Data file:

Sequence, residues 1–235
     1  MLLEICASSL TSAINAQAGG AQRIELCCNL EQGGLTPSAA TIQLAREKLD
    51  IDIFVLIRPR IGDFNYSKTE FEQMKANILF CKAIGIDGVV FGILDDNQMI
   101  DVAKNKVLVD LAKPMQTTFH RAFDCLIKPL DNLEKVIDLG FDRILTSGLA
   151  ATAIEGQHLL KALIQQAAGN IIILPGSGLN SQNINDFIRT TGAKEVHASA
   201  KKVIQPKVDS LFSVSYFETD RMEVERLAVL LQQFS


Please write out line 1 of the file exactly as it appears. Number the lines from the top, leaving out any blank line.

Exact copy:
Sequence, residues 1–235